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Less Weight for More Life

If you've been thinking about your New Year's resolutions and have put weight loss at the top of your list, take it seriously. A Canadian research team examined the relationship between body weight and life expectancy and calculated that being overweight or obese can steal up to eight years of your life. Worse, they concluded that because those excess pounds often lead to diabetes or cardiovascular disease earlier in life, they could deprive you of nearly two decades of good health. The team used data from 4,000 people included in the 2003 to 2010 National Health and Nutrition Examination Survey. Their lifestyles were used to develop a model estimating the annual risk diabetes and cardiovascular disease pose to individuals, and it revealed how different body weights affect life expectancy and years of healthy life lost. They found that the very obese could lose up to eight years of life, the obese up to six years, and the overweight up to three years. In addition, healthy life-years lost were two to four times higher for overweight and obese individuals compared to those whose weight was healthy. They reported that the worst cases were those individuals who gained weight at early ages. Now the team is looking into how weight loss can affect life expectancy.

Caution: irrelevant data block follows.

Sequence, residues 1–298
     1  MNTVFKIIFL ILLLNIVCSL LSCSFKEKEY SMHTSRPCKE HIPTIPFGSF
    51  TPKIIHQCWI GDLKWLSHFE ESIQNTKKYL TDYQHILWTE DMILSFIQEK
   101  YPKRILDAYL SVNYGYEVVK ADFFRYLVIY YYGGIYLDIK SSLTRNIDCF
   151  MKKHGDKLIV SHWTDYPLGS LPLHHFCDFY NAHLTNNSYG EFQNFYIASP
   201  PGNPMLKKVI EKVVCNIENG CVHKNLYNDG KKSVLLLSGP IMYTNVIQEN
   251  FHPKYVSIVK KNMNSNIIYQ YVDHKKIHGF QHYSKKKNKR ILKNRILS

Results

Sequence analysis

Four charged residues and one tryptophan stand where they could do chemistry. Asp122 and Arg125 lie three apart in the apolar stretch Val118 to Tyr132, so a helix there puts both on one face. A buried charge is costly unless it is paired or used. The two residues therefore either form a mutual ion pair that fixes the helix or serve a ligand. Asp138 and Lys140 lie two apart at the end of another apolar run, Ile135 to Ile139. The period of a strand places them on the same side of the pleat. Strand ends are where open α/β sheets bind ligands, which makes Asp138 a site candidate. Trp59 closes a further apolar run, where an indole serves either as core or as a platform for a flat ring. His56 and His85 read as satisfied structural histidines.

My take? Obesity remains a widespread medical problem in the U.S. - one third of adults and 17 percent of children are considered obese, and, as a result, at increased risk of heart disease, diabetes, stroke, high blood pressure, high cholesterol, and kidney and gallbladder disease. Obesity may also increase the risk for developing some types of cancer. And it is strongly associated with osteoarthritis and sleep apnea. So it should be no surprise to learn that being overweight or obese can take years off your life, and make the years you do have less enjoyable. The obvious solution is to lose weight - no easy task although we all know what's involved - avoid foods that are high in fat and sugar; eat foods that are low on the glycemic index and, especially, in glycemic load; cut back on alcohol; avoid stress, frustration and boredom; if you're depressed, seek treatment and get at least 30 minutes of exercise a day, five times a week. Your health and life are worth the effort.